God bless Xabi Alonso. The George Clooney of international soccer has won the sport’s most important trophies—World Cup, European Championship (twice), UEFA Champions League, Spain’s La Liga, etc.— yet found time on Tuesday night, just hours before the world’s biggest club game of the year so far, to take a phone call from SI.com.
Alonso’s Real Madrid takes on defending European champion Bayern Munich on Wednesday in the first leg of the Champions League semifinals (2:45 p.m. ET, Fox Sports 1), a match-up that most neutrals were hoping would wait until the final. Bayern is slightly favored, but Real Madrid is certainly capable of dethroning the Bavarians, especially if attacking stars Cristiano Ronaldo and Gareth Bale are fit to play after dealing with injuries.
Alonso, 32, has long been one of the classiest players in soccer going back to his early days at Real Sociedad and his breakthrough at Liverpool. Blessed with terrific instincts in the central midfield and an acute vision for the game on attack and defense, Alonso always seems to be in the right place at the right time, all without appearing to strain himself to get there. How often do you ever see him make a desperate lunge for a tackle? This guy could play the game in a tuxedo.
He’s also just plain smart, one of my go-to guys when it comes to explaining what he sees on the field, and he can do it in more than one language. In our pre-game conversation, Alonso compared Pep Guardiola’s Bayern to Guardiola’s Barcelona, detailed the virtues of Real Madrid manager Carlo Ancelotti and chimed in on Liverpool’s English title chase, among other things. Enjoy:
SI.com: Bayern obviously is a fantastic team, but they aren’t unbeatable. What are the keys to playing well against Bayern?
Alonso: Of course you have to play a very complete game, not just in defense but in attack. We know their qualities: They have a great balance between the defense and the attack, players that know how to control the tempo. But we have big threats, especially in attack. And because of that if we are able to control them as well as possible, we know that especially playing at home we will have our chances. And we are good enough to take them and to score. That’s what we want: To score goals, not to concede and to have a good result for the second leg in Munich next Tuesday.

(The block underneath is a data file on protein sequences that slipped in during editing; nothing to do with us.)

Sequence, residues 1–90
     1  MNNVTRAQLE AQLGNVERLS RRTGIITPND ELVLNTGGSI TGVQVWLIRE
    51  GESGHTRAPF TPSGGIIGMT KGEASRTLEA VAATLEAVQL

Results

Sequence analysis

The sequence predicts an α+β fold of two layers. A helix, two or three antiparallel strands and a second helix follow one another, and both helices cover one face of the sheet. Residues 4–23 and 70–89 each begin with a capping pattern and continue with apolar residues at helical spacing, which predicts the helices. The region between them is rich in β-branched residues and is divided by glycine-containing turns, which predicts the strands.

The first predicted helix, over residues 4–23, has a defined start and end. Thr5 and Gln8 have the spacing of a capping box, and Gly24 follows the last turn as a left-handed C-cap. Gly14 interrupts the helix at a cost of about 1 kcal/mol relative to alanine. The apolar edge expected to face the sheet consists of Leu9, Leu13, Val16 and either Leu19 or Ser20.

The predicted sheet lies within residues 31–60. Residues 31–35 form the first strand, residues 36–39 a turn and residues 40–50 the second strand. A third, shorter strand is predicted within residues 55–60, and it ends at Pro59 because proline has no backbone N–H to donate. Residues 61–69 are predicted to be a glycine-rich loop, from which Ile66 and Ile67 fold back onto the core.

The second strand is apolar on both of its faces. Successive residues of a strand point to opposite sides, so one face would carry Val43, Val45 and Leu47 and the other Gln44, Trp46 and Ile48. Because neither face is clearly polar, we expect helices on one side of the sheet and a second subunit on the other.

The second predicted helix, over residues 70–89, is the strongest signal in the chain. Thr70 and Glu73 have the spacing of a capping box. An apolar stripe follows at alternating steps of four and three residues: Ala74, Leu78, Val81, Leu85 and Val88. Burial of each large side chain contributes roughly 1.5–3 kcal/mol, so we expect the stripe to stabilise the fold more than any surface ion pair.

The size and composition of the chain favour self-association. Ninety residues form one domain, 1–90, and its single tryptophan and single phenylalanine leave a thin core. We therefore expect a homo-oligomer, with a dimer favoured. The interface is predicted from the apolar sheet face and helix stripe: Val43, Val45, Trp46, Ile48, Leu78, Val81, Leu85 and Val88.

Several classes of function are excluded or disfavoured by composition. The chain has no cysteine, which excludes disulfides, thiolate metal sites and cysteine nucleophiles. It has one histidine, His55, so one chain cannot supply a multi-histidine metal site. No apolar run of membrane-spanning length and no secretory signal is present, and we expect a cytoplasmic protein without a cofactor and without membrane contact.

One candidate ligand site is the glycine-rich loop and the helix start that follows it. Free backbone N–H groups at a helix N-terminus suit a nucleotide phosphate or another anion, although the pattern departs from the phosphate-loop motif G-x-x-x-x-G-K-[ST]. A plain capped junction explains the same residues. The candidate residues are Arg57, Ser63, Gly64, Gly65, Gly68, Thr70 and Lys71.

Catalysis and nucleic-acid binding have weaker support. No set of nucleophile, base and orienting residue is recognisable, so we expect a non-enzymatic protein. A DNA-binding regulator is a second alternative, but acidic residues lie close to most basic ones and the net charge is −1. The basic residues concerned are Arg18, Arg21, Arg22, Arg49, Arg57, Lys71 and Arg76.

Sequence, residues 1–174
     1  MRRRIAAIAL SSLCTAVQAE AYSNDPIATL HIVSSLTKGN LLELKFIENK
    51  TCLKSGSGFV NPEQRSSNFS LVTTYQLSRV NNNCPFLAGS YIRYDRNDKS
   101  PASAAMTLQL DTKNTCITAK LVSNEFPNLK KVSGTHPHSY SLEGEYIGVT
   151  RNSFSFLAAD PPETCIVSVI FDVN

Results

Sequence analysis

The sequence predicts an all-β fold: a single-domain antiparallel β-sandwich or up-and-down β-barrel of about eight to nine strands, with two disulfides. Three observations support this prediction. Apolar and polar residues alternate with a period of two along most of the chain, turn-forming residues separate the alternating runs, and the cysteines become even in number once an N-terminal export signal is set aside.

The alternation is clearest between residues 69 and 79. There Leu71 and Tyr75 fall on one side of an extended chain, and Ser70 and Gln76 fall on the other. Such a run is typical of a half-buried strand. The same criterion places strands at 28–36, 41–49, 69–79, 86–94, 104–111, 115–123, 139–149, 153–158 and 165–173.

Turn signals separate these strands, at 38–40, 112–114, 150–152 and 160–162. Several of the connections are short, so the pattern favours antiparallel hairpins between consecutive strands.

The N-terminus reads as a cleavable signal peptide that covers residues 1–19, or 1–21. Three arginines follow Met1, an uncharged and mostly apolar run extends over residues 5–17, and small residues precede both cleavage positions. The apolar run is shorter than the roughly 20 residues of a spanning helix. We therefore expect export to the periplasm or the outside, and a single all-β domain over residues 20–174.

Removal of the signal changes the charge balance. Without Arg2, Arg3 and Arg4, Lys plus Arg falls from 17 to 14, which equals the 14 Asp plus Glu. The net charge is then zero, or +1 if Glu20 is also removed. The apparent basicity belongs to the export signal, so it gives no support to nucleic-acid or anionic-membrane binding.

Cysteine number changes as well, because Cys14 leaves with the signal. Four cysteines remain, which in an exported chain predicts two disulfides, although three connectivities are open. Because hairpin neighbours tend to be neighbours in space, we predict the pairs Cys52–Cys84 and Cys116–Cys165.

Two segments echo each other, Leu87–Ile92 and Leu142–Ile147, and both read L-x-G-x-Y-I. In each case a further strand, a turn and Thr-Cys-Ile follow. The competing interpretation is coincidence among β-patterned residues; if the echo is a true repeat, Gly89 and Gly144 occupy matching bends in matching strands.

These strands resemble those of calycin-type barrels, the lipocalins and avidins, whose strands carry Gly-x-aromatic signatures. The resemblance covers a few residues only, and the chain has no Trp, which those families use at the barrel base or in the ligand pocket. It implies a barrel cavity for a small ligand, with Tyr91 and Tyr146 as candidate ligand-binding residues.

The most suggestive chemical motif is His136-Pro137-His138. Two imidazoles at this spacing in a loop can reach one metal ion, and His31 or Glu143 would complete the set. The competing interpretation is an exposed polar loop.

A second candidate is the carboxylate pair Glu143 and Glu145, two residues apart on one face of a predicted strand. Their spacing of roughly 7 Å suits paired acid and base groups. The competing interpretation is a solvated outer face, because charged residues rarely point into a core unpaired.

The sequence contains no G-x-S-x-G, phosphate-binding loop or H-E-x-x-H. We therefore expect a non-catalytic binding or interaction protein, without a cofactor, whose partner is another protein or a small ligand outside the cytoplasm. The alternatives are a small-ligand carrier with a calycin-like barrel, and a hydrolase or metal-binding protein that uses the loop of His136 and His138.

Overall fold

SI.com: In what ways is Pep Guardiola’s Bayern team similar to his Barcelona teams? In what ways is it different?
Alonso: Well, I wouldn’t compare them, because what’s similar is the manager. The qualities of the players are different, the profiles of them are different as well maybe. Barcelona may have more control, while Bayern Munich combines the control, the possession, with players that can run into space, that can run into the box. Because of that they combine a lot of different tempos in the game and they’re flexible to change systems during the game. We know them pretty well. Because of that I wouldn’t compare Bayern with Guardiola’s Barça.